Alex Ollé’s new production of Turandot for the New National Theatre, Tokyo and Tokyo Bunka Kaikan is immediately dislocating. Gone are the familiar Orientialisms, and all the colourful excess audiences raised on a steady diet of Zeffirelli have come to expect, whether with excitement or a sense of the begrudging. Monumental steel and stone structures dominate this evocation of Peking, and when Turandot and the Emperor deign to mingle with the hoi polloi, they descend from the heavens in something resembling a space ship. Designed by Alfons Flores, it’s a cold, brutalist space, awash in Urs Schönebaum’s moody, often stark lighting.
Iréne Theorin. Photos © Masahiko Terashi
This sense of dislocation is heightened by the opening pantomime, key to Ollé’s conception of Turandot as a woman haunted by masculine violence and intergenerational trauma. We see the young princess bear witness to her ancestor’s violent abduction and murder, the director foregrounding not only the precariousness of a reigning, unwed noble, but the very incident that directly informs the way Turandot treats her suitors. It’s an immediately involving conceit, one that refuses to gloss over the implausibility of the opera’s happy ending, and one which takes seriously the pain of its title character and the callousness of Calaf.
Ollé’s production is the first of a two-year international opera project developed by the Tokyo Bunka Kaikan and New National Theatre, Tokyo (NNTT) to showcase Japan’s cultural life in the lead up to the 2020 Olympic and Paralympic Games, the Summer Festival Opera 2019-20 Japan ↔ Tokyo ↔ World. The idea to present Turandot was proposed by Kazushi Ono, Artistic Director of the NNTT, who invited Ollé to direct after a long and fruitful history working together.
Iréne Theorin, Eri Nakamura and Teodor Ilincăi
Representative of the project’s international scope, Ono himself led the Barcelona Symphony Orchestra (of which he is Principal Conductor) in a very fine account of the score. Sensitive to matters of Puccinian style, his pacing and attention to orchestral detail were excellent, and he drew highly sympathetic playing from the orchestra. Never cheating the big moments, Ono nevertheless displayed an affinity for the smaller gestures, coaxing daringly soft, gauzy sounds from his players to create real moments of beauty. Equally impressive were the chorus, both adults and children, who sang with ample power, commitment and absolute security. Their precise diction was also to be commended, with both playing and singing heard to best advantage in the brilliant acoustics of the New National Theatre, Tokyo’s Opera Palace.
The quality of the principals was more variable. In the title role, Swedish soprano Iréne Theorin was a solid dramatic presence, unyielding and firm of purpose in her first appearances. But she sounded frequently strained, and though her high notes mostly landed on pitch, they were often acidic. Her Italian was not always so Italianate either, with vowels frequently occluded and consonants sometimes mushy. Despite this, she was eloquent of both voice and gesture, easily conveying a Turandot terrified of losing her agency and suspicious of Calaf’s professions of desire. Though not a complete realisation of the role, this was nevertheless a compelling one.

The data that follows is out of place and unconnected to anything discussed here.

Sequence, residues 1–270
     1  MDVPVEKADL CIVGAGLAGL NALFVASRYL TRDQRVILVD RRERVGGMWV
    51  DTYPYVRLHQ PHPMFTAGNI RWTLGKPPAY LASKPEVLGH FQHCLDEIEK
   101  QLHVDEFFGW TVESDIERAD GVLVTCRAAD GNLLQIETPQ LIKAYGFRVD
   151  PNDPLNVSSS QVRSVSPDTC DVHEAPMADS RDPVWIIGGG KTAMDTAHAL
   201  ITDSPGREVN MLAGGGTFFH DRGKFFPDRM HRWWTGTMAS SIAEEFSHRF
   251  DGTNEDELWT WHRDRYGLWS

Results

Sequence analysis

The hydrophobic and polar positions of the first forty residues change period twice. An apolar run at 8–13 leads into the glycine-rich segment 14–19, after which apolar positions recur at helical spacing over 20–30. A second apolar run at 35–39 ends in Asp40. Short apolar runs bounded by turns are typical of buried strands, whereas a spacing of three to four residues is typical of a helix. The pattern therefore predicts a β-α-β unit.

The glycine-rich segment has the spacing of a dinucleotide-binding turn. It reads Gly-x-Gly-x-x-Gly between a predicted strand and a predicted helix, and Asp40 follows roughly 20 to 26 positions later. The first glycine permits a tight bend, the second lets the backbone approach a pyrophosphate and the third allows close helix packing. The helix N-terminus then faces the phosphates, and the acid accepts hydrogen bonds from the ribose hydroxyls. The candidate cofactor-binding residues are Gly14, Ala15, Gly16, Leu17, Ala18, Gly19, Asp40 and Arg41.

As Calaf, Romanian Teodor Ilincăi demonstrated a handsome, good-sized voice that surmounted many of Puccini’s most demanding passages with ease. His Nessun Dorma was refreshingly free of the usual tenor theatrics, the aria seeming to grow organically from the dramatic circumstances, while his Non piangere, Liù had the requisite tenderness. But his acting did little to differentiate his Calaf from other conventional portrayals of the prince, meaning Ollé’s obvious positioning of his character as an antagonist, hellbent on securing Turandot’s hand and throne, never quite found its legs.
No such misgivings about Eri Nakamura’s meltingly sung Liù, however. The Japanese soprano’s perfectly weighted, rich lyric instrument was deployed intelligently and always in service of the text, establishing a complex portrait of a woman aware that the object of her affections isn’t quite worth it. A performer capable of extracting every bit of pathos from Puccini’s melodies, she did justice to both her arias, demonstrating a good amount of vocal steel in her confrontation with Turandot.
Riccardo Zanelatto’s Timur was a beacon of dignity, bringing power and vibrance of tone to the old king. His rapport with Nakamura’s Liù was most affecting, both singers quickly establishing their characters’ deep love for and trust in one another. Also vividly characterised were the Ping, Pang and Pong of Takashi Masu, Takumi Yogi and Toshiaki Murakami, conceived of by Ollé as gravediggers for Turandot’s victims. Genuinely funny, they too displayed an innate rapport that made their often too-long scenes feel dramatically necessary. As Altoum, Hiroshi Mochiki was in stentorian voice, showing us the as yet undimmed authority of the emperor, while Yuichi Toyoshima provided fine support as the Mandarin.
All in all, a strong concept from Ollé that needs only a more committed Calaf to pull it off. This Turandot is a promising first instalment in the Summer Festival Opera 2019-20 Japan ↔ Tokyo ↔ World, to be followed by a production of Wagner’s Die Meistersinger von Nurnberg.
Alex Ollé’s production of Turandot plays the Cultural Arts Theatre in Sapporo on August 3 and 4
More information about the Summer Festival Opera 2019-20 Japan ↔ Tokyo ↔ World can be found here